Crime authors such as Steve Hodel and William Rasmussen have suggested a link between the Short murder and the 1946 murder and dismemberment of 6-year-old Suzanne Degnan in Chicago, Illinois.[109] Captain Donahoe of the LAPD stated publicly that he believed the Black Dahlia and the "Lipstick Murders" in Chicago were "likely connected".[110] Among the evidence cited is the fact that Short's body was found on Norton Avenue, three blocks west of Degnan Boulevard, Degnan being the last name of the girl from Chicago. There were also striking similarities between the handwriting on the Degnan ransom note and that of the "Black Dahlia Avenger". Both texts used a combination of capitals and small letters (the Degnan note read in part "BuRN This FoR heR SAfTY" [sic]), and both notes contain a similar misshapen letter P and have one word that matches exactly.[111] Convicted serial killer William Heirens served life in prison for Degnan's murder. Initially arrested at age 17 for breaking into a residence close to that of Degnan, Heirens claimed he was tortured by police, forced to confess, and made a scapegoat for the murder.[112] After being taken from the medical infirmary at the Dixon Correctional Center on February 26, 2012, for health problems, Heirens died at the University of Illinois Medical Center on March 5, 2012, at age 83.

Lone Woman Murders

Between 1943 and 1949, within Los Angeles over a dozen unsolved murders occurred including the death of Short which involved the sexual mutilation of young attractive women.[113][114][115] Authorities suspected at the time that they could have been the work of a single unidentified serial killer.[116][117][118] In 1949, the Los Angeles County Grand Jury was tasked with investigating the failure on the part of law enforcement to solve the cases.[80][81] As a result, further investigation was done on the homicides although none of them were solved.[79]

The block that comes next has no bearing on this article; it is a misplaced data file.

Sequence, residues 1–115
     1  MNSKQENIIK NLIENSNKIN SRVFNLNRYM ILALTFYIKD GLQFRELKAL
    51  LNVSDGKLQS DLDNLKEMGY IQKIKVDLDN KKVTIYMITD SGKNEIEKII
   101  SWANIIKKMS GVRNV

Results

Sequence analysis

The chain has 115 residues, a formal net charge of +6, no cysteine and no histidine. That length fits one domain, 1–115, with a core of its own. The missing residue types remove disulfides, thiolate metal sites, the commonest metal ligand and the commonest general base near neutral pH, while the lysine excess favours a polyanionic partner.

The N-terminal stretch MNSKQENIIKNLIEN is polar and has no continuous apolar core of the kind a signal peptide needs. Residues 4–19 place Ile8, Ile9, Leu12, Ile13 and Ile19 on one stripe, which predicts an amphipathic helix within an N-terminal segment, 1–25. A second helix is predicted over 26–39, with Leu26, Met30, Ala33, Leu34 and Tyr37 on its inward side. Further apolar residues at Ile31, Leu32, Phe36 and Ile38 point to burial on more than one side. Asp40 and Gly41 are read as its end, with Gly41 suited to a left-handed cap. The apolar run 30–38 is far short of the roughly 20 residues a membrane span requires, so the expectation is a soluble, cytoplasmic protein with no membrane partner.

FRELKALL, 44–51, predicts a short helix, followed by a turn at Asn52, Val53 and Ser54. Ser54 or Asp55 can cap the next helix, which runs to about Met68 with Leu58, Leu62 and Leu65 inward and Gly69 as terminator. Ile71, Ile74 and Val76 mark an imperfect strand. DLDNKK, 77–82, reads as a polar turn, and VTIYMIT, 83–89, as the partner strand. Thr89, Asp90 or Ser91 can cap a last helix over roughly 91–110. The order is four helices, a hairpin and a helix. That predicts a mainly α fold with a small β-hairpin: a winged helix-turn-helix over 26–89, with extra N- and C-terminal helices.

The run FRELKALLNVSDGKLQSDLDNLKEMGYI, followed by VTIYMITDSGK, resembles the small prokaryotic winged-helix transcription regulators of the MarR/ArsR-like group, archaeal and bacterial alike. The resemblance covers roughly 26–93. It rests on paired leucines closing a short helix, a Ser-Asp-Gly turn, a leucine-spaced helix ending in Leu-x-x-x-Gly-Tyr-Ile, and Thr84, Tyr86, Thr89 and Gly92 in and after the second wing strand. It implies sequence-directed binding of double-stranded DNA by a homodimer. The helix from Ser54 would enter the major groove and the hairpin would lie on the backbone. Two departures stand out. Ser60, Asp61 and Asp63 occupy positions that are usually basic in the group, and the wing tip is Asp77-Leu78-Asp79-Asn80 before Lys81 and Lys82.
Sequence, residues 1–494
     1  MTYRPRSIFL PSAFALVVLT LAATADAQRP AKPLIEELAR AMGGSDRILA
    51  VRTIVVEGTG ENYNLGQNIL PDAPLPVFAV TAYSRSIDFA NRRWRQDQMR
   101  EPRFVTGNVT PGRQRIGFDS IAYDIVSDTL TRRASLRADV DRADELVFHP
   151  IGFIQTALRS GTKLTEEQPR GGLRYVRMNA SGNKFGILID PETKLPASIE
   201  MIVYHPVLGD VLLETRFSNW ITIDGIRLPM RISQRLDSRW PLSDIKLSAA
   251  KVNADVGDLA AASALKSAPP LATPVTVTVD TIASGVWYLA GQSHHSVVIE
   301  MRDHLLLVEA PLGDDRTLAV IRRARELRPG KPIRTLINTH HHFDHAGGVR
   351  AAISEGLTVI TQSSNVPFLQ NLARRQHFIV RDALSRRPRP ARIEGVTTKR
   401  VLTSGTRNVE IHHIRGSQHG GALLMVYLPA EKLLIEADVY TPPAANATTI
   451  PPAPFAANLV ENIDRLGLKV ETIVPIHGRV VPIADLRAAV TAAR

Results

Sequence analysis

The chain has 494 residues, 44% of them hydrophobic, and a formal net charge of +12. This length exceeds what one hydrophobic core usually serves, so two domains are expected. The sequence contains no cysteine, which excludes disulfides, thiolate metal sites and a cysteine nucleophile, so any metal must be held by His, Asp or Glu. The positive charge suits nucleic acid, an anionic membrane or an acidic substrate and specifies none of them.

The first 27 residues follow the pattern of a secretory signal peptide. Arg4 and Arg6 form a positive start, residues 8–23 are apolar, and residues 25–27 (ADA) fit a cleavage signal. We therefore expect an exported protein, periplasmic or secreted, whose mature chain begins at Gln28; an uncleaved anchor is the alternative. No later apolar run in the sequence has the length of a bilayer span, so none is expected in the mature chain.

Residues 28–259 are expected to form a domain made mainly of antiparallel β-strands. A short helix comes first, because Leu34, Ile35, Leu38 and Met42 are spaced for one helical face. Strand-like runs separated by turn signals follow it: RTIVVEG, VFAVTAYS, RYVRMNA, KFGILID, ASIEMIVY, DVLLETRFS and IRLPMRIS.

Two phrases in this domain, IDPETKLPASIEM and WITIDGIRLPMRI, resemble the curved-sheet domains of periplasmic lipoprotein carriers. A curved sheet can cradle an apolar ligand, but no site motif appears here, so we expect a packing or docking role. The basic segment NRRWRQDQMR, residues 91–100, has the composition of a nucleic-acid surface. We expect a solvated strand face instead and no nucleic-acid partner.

• On July 27, 1943, the son of a Los Angeles County golf course greenskeeper discovered the nude body of 41-year-old Ora Elizabeth Murray lying on the ground near the parking lot of the Fox Hills Golf Course.[119] Murray had been severely beaten about her face and body and the autopsy determined that her cause of death was due to "constriction of the larynx by strangulation". Murray was last seen on July 26, 1943, attending a dance at the Zenda Ballroom in downtown Los Angeles with her sister before leaving with an unidentified man. Her murder remains unsolved.